- In 1928, there were around 30,000 people in camps. by 1938, there were 7 million.
- The department running them was called the Gulag, & the name was soon applied to the camp themselves.
- By 1934, Stalin feared growing opposition to himself & the state. He began the 'Purges' to destroy his enemies.
- Those purged would either be executed, exiled to labour camps, or exiled abroad.
- Stalin changed the way farming & industry were run in order to raise productivity.
- When there were faliures, it was expected that the state was being sabotaged by political opponents (rather then incompetence by officials), & used the purges to set things right.
- Purges between 1936-38 were so harsh that it was named the Great Terror.
- The OGPU purged: the Politburo, the Communist party, teachers, engineers, scientists, & industrial workers, the armed forces, & even the secret police.
32. Show Trials (1936)
32. Show Trials (1936) -
- In 1934, Kirov, a Politburo member, was murdered. This was possibly on Stalin's orders, although Stalin claimed to be outraged.
- In 1936, the show trials began.
- 16 'old Bolsheviks' (who had previously been leaders from the 1917 revolution) were tried for assassination of Kirov. They confessed, even though they were not guilty. These people were all shot.
- The OGPU arrested 40,000 suspects for 'trial'. Each trial only lasted a few minutes; all were 'guilty' & were either sentenced to be shot or sent to the Gulag.
- Trials were important as ordinary people did now know, at first, how unfair they were.
- The accused usually confessed, & this was also reported. They usually had to confess as their families were held hostage.
- The trials suggested to people that there was a danger to the revolution within the Soviet Union.It made them more likely to unite behind Stalin against it.
- The trials scared people & made them less likely to be openly critical.
33. The Purges -The Effects-
33. The Purges -The Effects- -
- Created an atmosphere of fear & suspicion: no one knew who to trust. This enforced obedience, but also gave rise to a lot of resentment.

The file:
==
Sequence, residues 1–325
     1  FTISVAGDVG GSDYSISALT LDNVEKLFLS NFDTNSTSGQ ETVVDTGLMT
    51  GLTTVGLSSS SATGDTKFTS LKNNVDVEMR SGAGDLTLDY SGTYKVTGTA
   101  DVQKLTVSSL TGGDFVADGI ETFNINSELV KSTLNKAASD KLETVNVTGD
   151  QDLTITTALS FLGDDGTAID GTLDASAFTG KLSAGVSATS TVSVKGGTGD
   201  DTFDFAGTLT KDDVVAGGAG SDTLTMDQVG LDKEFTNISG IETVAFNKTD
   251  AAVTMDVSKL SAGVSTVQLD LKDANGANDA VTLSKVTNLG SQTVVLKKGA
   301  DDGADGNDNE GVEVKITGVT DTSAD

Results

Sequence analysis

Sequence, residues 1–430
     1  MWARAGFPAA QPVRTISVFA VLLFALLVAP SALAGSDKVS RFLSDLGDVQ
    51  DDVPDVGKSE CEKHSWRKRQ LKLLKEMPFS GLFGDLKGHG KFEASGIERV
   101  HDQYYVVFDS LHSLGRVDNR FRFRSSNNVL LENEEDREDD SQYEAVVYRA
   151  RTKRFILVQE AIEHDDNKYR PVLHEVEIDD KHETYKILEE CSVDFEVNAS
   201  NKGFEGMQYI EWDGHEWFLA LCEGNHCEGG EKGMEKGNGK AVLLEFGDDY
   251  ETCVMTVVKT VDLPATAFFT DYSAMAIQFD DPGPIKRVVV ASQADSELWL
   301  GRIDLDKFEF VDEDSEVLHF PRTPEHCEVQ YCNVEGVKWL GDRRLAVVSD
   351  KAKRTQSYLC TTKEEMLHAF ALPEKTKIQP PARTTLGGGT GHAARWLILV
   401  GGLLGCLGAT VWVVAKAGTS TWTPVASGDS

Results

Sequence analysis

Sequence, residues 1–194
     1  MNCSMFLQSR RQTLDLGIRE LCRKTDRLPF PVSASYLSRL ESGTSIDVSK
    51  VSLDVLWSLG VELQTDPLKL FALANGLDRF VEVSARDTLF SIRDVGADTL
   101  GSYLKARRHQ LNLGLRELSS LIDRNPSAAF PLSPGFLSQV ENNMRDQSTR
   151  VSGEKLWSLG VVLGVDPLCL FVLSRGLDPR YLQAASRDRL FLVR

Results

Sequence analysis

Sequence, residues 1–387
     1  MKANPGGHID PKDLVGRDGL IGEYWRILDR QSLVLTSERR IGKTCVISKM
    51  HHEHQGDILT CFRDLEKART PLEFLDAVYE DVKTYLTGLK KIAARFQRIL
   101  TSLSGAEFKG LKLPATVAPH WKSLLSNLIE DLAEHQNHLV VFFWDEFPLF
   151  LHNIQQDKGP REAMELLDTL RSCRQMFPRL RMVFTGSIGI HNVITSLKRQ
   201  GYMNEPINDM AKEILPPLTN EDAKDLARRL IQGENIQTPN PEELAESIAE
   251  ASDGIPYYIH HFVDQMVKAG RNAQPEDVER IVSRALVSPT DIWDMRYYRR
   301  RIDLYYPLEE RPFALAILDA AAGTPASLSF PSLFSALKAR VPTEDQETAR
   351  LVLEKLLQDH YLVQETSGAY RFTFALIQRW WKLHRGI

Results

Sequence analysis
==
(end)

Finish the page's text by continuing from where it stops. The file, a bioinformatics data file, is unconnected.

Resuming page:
- Took away people's trust in the justice system.
- Killed over roughly 1 million people.
- Sent about 7 million people to prison.
- It is impossible to give an accurate number of those purged, as the secret police held statistics from the public to avoid disruption.
- Meant that the state lost useful people at all levels, including 1 million of the 3 million members of the party, 93 of the 139 Central Committee Members, & 13 of the 15 top generals in the Red Army,
- Removed a lot of skilled workers from the industry, so factory porduction was reduced.
- Produced a government & a party almost entirely created by Stalin, utterly loyal to him. Experienced people had been replaced by Stalins yes-men. The country, especially the army, was weaker as a result.
34. Propaganda -
- Stalin used propaganda, true or false was used to: turn people against his enemies, get people to accept his decisions (especially when they required change), to get people to put up with hardship, to get people to work harder, & to build up the 'cult of Stalin'.
- Stalinist propaganda was everywhere. The state controlled the radio & the newspaper, so that only pro-stalinist propaganda could be broadcasted.
- People wrote propaganda books, poems & songs. The state used censorship so that nothing considered 'anti-soviet' could be published & influence the general public to rebel against Stalin's agenda.
- The government sent officials all over the USSR, with propaganda films & other material, to give talks to towns and villages.
- Each new policy like Collectivisation & Five-Year Plans came with its own propaganda campaign.
- Stalin was regularly photographed with smiling children & workers, especially workers from different regions of the USSR, to show how widely popular he was.
- Foregin visitors to the Soviet Union had to travel under state supervision. Their state guides took them to factories, collective farms, & homes of 'ordinary' people. They were taken to 'show' places, made to give the impression that workers had a better life then reality.
35. influence Through Education (1938)
35. influence Through Education (1938) -
- The Bolsheviks provided free education, intending to wipe out the high levels of illiteracy in the Soviet Union. While the quality of teaching varied, schools focued on basic literacy & numeracy.
- Under Stalin, schools became a place to spread propaganda.